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Note that the site's current policy on homework questions is found at

How do I ask homework questions on Physics Stack Exchange?

which will always have the current version of the policy.


Many communities must deal with this question sooner or later, might as well get the ball rolling.

  • How should we deal with homework questions?

I find that the Mathematics.StackExchange site is handling things well. Here are some links to their deliberations on these matters. As a frequent user of that site, I must say that we have been fairly successful of handling these questions well: both supportive, but not too helpful to be destructive to the questioner.

How to deal with HW questions.

More policy about HW questions.

How to not give complete solutions.

Homework tags.

Update July 2014:

Math.SE votes on homework tag.

Result of voting.

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    $\begingroup$ I agree wholeheartedly with your answer on math meta (your first link.) $\endgroup$ – ptomato Nov 3 '10 at 9:00
  • $\begingroup$ Good job linking to Mathematics, a moderator there linked me to one of those when I asked the same. $\endgroup$ – Mark C Nov 7 '10 at 3:44
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Most people have enough of a sense of the concept of "fair play" that I'd like to think this would be a non-issue. Unfortunately, it's almost certainly going to come up, and we don't want to deter people from legitimately using this site.

Cribbing from StackOverflow - on which the Mathematics.StackExchange site builds:

There are two principles involved:

  1. It is okay to ask about homework. For one, it would be impossible to stop it all even if we wanted to. Stack Overflow exists to help programmers learn and provide a standard repository for programming problems, both simple and complex, and this includes helping students.
  2. Providing an answer that doesn't help a student learn is not in the student's own best interest. Therefore you might choose to treat homework questions differently than other questions.

I agree that it'll be nigh-impossible to determine in advance which are homework questions 100% of the time. On the other hand, there will be those questions are going to stick out like a sore thumb as obvious homework. I don't think we want to get in the habit of providing homework answers directly, as that directly violates principle 2.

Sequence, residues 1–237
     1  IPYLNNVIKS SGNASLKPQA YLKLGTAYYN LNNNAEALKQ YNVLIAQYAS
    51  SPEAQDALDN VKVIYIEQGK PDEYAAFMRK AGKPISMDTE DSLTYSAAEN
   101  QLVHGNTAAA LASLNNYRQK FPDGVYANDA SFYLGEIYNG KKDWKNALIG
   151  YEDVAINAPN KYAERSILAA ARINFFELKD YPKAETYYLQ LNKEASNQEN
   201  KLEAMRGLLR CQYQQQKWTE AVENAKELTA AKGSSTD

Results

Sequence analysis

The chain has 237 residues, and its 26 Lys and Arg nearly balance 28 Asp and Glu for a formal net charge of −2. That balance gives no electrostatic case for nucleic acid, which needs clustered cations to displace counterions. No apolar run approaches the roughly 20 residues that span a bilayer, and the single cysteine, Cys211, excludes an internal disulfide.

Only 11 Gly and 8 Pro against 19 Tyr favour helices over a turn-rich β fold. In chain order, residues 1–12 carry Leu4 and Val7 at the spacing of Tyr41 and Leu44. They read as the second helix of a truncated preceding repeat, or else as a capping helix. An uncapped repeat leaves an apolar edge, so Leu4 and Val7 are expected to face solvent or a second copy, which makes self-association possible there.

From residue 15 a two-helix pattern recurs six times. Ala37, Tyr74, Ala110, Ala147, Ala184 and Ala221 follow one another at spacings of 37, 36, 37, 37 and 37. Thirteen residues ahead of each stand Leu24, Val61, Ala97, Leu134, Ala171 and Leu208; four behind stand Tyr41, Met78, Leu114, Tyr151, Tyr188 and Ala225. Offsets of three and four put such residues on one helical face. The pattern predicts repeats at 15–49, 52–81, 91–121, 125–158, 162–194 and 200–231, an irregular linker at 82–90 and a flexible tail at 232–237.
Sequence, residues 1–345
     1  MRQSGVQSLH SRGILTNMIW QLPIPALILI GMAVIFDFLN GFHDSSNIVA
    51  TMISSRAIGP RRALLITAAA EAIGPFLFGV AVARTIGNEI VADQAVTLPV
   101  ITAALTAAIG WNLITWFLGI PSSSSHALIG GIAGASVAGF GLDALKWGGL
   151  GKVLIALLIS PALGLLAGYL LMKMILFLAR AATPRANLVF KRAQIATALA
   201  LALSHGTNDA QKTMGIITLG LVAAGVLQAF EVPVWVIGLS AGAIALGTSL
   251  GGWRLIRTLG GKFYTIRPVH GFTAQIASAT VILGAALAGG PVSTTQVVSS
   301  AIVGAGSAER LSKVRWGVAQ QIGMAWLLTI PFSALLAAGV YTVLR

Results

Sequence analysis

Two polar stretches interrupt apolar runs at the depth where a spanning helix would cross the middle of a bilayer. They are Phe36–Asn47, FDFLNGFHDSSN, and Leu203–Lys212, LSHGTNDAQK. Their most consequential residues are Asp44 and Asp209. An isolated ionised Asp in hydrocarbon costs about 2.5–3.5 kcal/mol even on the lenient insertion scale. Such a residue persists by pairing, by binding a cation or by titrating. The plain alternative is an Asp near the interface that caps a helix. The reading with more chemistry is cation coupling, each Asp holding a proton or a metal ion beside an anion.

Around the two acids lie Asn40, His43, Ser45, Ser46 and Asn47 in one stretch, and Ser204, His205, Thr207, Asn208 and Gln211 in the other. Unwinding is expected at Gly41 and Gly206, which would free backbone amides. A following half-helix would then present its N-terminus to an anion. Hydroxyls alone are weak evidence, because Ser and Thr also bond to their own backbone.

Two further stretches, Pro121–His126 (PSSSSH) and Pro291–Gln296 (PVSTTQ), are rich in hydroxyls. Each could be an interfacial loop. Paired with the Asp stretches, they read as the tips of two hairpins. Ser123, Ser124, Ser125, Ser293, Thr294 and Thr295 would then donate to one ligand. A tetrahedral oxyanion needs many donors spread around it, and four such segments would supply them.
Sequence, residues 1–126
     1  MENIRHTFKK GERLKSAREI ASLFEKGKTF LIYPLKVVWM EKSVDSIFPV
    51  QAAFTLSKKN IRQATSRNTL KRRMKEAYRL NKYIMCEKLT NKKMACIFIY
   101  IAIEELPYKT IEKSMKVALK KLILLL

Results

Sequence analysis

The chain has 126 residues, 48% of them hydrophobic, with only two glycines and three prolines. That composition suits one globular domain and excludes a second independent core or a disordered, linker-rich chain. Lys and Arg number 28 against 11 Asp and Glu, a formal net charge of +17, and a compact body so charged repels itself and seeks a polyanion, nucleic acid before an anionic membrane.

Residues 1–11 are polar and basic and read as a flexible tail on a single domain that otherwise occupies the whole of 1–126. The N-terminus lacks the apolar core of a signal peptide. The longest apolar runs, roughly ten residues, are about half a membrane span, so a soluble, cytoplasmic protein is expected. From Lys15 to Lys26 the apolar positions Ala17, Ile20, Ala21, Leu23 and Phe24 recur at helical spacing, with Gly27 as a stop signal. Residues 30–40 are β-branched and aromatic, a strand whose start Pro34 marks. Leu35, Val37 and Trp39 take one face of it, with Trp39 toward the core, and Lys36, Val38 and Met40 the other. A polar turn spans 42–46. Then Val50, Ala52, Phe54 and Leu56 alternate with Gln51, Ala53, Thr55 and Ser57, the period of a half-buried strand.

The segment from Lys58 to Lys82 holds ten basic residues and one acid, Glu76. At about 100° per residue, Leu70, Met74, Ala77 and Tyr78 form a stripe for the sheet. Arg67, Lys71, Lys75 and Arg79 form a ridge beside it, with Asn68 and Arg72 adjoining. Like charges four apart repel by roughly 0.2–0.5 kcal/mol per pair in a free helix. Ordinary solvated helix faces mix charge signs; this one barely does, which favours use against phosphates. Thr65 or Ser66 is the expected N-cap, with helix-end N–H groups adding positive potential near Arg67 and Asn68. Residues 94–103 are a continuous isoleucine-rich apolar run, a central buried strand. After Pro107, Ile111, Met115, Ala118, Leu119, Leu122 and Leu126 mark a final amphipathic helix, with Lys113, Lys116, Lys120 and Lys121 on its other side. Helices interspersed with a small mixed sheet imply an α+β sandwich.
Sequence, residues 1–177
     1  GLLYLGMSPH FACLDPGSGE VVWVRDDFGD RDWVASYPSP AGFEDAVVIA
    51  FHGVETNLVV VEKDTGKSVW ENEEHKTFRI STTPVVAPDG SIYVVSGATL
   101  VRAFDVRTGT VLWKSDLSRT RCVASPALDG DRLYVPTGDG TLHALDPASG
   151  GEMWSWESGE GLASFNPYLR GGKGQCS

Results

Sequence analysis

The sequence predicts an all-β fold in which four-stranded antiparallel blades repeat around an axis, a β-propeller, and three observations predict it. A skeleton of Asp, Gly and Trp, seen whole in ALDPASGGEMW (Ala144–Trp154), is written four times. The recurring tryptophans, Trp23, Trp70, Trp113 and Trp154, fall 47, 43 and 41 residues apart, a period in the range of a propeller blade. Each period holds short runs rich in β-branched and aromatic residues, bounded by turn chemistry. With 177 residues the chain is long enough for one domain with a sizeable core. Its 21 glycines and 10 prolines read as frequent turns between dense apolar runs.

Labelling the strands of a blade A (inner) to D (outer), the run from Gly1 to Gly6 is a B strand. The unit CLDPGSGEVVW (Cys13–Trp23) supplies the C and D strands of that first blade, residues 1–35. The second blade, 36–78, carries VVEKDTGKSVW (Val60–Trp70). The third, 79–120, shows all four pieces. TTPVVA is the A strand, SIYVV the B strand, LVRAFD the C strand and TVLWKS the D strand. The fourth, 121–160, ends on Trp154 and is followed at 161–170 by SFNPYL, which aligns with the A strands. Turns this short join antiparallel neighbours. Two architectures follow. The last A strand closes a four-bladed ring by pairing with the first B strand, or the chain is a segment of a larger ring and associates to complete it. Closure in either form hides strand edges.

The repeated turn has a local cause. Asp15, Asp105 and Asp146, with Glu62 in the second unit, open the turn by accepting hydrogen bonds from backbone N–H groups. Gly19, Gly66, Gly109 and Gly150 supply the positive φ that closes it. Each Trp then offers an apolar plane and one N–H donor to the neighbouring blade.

I don't think it's wrong to inquire if a question is a homework or class-related question in the comments. If it is, the questioner ought to be willing to accept help in a form similar to what they might get from a reasonably accommodating professor or TA, and it should be our job to do that.

Ideally, if we could get people with homework questions to voluntarily tag their questions appropriately, then everyone would benefit. Maybe this ought to be in our FAQs or guidelines somewhere.

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    $\begingroup$ I agree with most everything you say here. $\endgroup$ – BBischof Nov 3 '10 at 14:03
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This thread is (as of August 2014) pretty outdated. This site's official homework policy is found at

How do I ask homework questions on Physics Stack Exchange?

For recent discussions about possible changes to this policy, see Bite-sizing homework, Why don't we just ban homework altogether?, Banning homework: vote and documentation, Does banning homework do long-term harm for only short-term gain?, A week of community closing: what should be disallowed homework?, Can we please stop applying the homework tag (and policy) to very advanced questions?, and links therein.

Note, also, that as of July 30 2014, math.SE has banned the (homework) tag, though homework questions are apparently still on-topic.

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  • $\begingroup$ This upvoted thread should also be kept in mind meta.physics.stackexchange.com/q/5372/2751 ... $\endgroup$ – Dilaton Aug 11 '14 at 11:52
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    $\begingroup$ @Dilaton edited it in. I'd be curious to know the reason for the downvote - I was hoping for this to float to the top, as this is merely a signpost to the state of the discussion ~4 years later, including what is likely to remain as the actual canonical homework question (in the sense that changes in policy will most likely be reflected in edits to that instead of new posts). $\endgroup$ – Emilio Pisanty Aug 11 '14 at 12:01

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